The over 360 institutions represented by the Association of American Law Schools assert that they have learned through their extensive experience in the educational realm that the quality of education for all students is greatly enhanced when student bodies include persons of diverse backgrounds, interests, and experiences, including racial and ethnic make-ups. (ALS Br. at v). According to these institutions, a decision adverse to the University Defendants would significantly undermine their ability to provide the highest quality of academic experience and to prepare their students to effectively contribute to society after graduation. (Id. at vi).
Plaintiffs have presented no argument or evidence rebutting the University Defendants' assertion that a racially and ethnically diverse student body gives rise to educational benefits for both minority and non-minority students. In fact, during oral argument, counsel for Plaintiffs indicated his willingness to assume, for purposes of these motions, that diversity in institutions of higher education is "good, important, and valuable." Counsel for Plaintiffs, however, contends that "good, important, and valuable" is not enough, and that the diversity rationale is too amorphous and ill-defined, and "too limitless, timeless, and scopeless," to rise to the level of a compelling interest. According to counsel for Plaintiffs, the University's diversity rationale has "no logical stopping point" but rather is a "permanent regime" in direct conflict with the strict scrutiny standard.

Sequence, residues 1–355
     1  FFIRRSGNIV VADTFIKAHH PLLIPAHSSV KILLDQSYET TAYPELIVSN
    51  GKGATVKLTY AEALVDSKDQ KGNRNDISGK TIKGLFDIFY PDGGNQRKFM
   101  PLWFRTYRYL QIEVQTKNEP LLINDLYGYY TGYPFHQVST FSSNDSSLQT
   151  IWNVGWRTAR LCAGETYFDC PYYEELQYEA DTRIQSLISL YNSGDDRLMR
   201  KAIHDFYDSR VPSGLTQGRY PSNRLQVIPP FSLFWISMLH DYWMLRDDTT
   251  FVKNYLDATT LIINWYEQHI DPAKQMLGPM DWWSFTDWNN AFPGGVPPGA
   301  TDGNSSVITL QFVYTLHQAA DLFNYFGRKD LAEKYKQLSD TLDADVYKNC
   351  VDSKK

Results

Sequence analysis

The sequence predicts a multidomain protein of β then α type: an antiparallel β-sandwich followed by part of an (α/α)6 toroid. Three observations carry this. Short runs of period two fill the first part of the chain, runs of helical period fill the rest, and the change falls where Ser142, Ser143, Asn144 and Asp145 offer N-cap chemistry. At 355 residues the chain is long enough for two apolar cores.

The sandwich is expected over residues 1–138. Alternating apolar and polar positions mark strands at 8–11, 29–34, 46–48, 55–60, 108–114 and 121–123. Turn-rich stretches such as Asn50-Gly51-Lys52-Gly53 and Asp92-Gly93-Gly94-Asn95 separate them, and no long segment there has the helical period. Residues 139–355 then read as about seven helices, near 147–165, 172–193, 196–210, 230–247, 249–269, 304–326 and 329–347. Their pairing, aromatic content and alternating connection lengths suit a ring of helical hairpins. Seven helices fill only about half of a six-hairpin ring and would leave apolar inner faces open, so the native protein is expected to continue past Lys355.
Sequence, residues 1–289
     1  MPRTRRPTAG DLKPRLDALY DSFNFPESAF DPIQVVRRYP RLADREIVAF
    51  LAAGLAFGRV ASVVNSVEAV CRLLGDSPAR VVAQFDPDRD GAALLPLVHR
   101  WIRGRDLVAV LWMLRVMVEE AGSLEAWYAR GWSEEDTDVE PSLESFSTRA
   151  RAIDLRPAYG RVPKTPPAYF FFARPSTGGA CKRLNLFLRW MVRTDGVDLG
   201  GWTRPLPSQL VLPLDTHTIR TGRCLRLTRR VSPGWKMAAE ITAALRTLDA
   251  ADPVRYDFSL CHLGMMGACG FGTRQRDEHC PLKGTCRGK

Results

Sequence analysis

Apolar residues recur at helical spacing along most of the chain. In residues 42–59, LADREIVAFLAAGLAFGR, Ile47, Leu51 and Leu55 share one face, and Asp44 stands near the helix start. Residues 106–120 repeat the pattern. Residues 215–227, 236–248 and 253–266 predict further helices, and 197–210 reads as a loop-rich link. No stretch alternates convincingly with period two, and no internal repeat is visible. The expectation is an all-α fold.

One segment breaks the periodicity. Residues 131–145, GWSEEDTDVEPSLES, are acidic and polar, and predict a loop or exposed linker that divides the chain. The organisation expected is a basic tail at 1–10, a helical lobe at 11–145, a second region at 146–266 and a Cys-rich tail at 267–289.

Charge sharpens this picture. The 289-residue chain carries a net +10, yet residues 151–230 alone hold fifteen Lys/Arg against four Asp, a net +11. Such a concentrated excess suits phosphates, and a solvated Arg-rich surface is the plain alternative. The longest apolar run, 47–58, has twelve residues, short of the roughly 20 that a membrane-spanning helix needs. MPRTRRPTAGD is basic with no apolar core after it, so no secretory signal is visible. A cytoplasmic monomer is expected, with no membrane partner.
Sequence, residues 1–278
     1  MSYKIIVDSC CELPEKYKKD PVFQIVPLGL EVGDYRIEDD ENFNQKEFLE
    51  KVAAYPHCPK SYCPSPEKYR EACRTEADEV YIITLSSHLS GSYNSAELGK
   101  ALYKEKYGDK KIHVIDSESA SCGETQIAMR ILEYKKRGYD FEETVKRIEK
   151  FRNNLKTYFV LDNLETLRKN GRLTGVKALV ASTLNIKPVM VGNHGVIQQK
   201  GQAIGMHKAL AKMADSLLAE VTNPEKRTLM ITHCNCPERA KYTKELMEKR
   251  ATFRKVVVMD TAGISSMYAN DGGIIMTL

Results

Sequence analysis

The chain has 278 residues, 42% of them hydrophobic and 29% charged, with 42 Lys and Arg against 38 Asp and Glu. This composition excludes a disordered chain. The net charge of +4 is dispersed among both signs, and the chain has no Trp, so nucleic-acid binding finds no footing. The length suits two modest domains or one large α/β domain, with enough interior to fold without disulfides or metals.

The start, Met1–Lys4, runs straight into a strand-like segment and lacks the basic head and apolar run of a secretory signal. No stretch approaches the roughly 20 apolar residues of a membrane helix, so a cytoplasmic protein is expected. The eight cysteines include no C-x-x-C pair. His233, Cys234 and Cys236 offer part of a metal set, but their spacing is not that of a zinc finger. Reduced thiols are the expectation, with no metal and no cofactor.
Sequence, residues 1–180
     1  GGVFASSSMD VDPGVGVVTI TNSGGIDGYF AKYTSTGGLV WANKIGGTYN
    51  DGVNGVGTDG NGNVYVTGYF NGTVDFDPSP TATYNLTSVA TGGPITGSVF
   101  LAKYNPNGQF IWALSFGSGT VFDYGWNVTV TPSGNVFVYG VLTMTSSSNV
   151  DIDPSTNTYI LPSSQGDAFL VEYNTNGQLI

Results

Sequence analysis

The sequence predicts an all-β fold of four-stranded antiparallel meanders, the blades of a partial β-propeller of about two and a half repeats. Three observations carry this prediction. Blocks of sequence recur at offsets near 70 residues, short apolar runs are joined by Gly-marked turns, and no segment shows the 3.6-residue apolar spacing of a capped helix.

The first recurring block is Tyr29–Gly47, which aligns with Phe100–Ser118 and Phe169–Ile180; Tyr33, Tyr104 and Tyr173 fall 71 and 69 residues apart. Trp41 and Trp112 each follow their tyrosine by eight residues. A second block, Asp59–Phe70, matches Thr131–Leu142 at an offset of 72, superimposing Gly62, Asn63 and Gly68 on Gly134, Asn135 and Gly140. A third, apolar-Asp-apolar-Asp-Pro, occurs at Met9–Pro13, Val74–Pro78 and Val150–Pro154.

This Court, however, is not convinced that what may be too amorphous and ill-defined in other contexts, i.e. the construction industry context, is also necessarily too amorphous or ill-defined in the context of higher education. In this Court's opinion, the fact that the University cannot articulate a set number or percentage of minority students that would constitute the requisite level of diversity does not, by itself, eliminate diversity as a potentially compelling interest.